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What is trauma?

Trauma can be defined as a “deeply disturbing or distressing experience”. Anyone can be the victim of a traumatic event, at any time of life. Traumatic events can be linked to the fear of death, such as when the person concerned can’t cope alone, i.e. their nervous system is overwhelmed and shuts down.

Not all injuries result in psychological trauma. The main issue is when the nervous system is overwhelmed, which is also dependent on the individual – as everyone is different, and so our nervous systems cope in different ways.

For some people who experience trauma, it is difficult to return to a “normal” life and they must often seek ways to try to live with their traumatic experience(s).

What life experiences can be traumatic?

It might be an accident, a serious illness, an assault, the sudden loss of a loved one, and sexual or physical abuse, or negligence, or even abandonment, during childhood. This is an experience we suffered personally or to which we were witness.

What are the normal reactions to such exceptional circumstances?

To understand what happens during a traumatic event, you have to watch what happens from a neurobiological perspective. Following the secretion of stress hormones, our brains treat extremely traumatic experiences differently to “normal” events. Often, recurring negative feelings, memories or unpleasant physical sensations ensue, which may be due to the assimilation of traumatic experiences.

As humans, we react to serious life events in a particular manner. The reactions can be very diverse:

  • Certain people go into shock, turn white, are physically sick
  • Some people are simply stunned; no real reaction, except paling of skin, mouth hanging open
  • Others, however, behave in an apparently normal manner; they carry on as usual.
  • While yet others show sharper reactions, such as pain, sadness, or anger

In general these symptoms disappear after a few days. It may be the case that in some people these symptoms will settle permanently. They may also suffer:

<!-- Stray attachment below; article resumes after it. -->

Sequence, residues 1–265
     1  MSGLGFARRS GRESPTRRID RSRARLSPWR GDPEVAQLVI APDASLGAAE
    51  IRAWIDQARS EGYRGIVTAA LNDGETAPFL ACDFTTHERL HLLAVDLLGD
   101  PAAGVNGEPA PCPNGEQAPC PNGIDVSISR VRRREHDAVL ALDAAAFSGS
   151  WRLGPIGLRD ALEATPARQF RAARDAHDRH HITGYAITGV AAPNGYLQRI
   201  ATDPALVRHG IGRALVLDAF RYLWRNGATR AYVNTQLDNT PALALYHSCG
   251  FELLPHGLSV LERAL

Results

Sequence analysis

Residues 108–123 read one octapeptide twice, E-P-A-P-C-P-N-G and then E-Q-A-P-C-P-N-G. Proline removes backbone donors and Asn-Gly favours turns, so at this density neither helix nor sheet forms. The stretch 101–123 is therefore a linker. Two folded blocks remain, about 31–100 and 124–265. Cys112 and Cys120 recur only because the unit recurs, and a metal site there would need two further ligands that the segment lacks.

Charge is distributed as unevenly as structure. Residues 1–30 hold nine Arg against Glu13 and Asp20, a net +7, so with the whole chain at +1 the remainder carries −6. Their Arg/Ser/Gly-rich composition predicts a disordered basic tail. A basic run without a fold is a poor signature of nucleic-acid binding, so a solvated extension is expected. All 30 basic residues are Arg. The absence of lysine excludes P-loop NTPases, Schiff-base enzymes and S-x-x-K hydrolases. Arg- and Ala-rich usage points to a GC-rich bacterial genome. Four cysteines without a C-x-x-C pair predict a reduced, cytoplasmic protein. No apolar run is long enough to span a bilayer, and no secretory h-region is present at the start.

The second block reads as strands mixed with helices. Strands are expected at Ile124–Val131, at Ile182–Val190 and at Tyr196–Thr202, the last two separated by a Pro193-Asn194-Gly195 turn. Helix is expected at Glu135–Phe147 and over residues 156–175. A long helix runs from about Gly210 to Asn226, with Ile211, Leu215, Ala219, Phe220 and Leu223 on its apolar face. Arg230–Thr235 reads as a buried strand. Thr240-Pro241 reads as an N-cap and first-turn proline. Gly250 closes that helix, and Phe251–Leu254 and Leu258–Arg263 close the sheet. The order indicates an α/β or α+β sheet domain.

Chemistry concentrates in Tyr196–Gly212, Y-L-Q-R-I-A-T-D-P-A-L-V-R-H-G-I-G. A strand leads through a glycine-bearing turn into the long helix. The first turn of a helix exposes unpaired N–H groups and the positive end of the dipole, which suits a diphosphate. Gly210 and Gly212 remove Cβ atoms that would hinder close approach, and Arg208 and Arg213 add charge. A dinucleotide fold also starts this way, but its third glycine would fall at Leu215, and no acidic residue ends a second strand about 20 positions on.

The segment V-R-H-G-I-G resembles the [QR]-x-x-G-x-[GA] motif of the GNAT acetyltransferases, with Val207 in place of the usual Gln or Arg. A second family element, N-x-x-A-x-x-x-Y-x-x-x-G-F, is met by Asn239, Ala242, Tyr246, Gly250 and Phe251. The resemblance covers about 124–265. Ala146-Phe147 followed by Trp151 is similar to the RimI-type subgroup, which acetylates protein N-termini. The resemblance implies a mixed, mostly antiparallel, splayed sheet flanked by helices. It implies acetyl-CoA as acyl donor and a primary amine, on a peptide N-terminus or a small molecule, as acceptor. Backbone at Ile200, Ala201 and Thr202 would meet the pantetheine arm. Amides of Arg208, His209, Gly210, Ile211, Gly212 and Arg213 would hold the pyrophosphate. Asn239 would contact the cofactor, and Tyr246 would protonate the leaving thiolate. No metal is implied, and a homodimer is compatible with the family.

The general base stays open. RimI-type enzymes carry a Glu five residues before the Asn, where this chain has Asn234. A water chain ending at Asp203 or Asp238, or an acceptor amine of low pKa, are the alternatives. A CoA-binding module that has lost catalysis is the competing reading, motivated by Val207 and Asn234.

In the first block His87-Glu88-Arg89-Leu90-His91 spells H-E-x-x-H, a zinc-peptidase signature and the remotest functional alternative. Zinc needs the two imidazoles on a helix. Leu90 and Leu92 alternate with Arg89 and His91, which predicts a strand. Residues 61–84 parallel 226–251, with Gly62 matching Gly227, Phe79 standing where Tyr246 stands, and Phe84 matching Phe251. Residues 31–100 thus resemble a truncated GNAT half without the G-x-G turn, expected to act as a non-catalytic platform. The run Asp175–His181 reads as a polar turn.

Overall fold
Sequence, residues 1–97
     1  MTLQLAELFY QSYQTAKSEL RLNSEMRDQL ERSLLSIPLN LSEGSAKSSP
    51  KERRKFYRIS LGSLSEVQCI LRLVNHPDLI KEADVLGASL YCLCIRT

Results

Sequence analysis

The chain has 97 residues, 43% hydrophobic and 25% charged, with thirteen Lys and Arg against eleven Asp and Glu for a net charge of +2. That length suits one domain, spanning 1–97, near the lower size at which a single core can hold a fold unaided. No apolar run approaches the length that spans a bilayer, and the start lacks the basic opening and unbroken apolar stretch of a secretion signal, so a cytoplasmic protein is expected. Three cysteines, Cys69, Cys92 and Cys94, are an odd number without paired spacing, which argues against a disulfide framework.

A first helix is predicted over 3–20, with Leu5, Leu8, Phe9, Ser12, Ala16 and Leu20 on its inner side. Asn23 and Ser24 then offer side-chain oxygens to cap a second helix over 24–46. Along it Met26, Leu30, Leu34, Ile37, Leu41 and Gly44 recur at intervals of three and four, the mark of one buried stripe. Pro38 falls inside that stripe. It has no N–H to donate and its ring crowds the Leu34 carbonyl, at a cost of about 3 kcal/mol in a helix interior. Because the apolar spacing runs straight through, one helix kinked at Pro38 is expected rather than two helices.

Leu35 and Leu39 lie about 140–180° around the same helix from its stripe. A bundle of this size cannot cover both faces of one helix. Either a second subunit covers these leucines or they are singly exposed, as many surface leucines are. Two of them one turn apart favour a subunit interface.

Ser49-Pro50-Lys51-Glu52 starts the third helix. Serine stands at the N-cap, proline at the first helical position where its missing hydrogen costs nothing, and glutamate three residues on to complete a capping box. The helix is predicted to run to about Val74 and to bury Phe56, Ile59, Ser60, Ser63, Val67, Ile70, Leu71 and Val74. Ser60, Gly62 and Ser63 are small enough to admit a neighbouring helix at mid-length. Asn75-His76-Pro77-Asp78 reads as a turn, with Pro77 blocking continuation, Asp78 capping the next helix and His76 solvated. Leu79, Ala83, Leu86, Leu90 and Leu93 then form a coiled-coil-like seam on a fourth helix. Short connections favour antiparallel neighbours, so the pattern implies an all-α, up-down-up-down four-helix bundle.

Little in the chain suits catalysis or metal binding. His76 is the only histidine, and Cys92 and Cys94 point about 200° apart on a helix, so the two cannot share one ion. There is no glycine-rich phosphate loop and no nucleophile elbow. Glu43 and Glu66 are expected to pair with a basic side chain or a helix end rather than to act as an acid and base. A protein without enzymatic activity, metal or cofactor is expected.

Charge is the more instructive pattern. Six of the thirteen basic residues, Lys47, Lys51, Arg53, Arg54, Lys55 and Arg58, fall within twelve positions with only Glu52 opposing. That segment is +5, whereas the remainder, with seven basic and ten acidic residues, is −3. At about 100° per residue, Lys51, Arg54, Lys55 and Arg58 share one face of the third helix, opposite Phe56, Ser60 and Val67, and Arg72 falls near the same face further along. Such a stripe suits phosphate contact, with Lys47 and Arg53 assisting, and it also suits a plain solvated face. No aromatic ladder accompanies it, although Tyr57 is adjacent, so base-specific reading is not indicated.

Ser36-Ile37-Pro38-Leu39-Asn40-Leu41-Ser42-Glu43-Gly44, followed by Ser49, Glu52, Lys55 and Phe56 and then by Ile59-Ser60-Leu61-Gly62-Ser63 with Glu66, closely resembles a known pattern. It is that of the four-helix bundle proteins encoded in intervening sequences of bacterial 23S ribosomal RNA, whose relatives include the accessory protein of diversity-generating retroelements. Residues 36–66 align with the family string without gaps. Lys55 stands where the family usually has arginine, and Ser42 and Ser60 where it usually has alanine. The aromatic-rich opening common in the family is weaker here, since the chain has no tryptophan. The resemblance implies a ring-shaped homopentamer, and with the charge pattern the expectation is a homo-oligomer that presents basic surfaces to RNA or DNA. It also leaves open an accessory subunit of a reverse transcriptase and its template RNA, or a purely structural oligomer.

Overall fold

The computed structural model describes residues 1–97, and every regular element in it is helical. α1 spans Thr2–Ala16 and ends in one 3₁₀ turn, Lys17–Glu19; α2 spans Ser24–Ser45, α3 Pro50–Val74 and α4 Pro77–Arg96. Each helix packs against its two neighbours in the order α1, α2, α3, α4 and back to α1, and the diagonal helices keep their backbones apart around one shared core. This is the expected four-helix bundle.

• From intrusive memories, often in the form of dreams
  • From reliving the event, a waking nightmare
  • From the avoidance of anything that reminds them of their fear
  • Increased anxiety and irritability
  • A stupor, making them insensitive.

If a person is suffering heavily from all of the above, and these symptoms persist beyond three months, the person should seek help.

A physical injury can heal faster, if it is treated straight away. It is the same with the psychological wounds. The only way to resolve the symptoms is to work on the traumatic experience. In general, it is more often than not necessary to seek to professional advice.

What you can do for yourself

Firstly, it is important to understand how you feel after a dramatic event. If you are unable, for example, to manage to relax, or if you feel you must review the same pictures and information all the time, you are not crazy either. You suffer from posttraumatic symptoms!

Seek help from family or friends.

Do not isolate yourself, even if it is difficult to open up.

Educate yourself, on the possibilities of therapy also.

If you have been suffering with posttraumatic stress for a long time, it is important to determine if you can live with these symptoms or if you would like to confront the memory during a safe and secure therapy session.

Professional help

If you seek professional help, it is important to contact a therapist who has specialized training in trauma.

The goal of this therapy is to undo the neurophysiological blockage so that a good psychological assimilation can be implemented.


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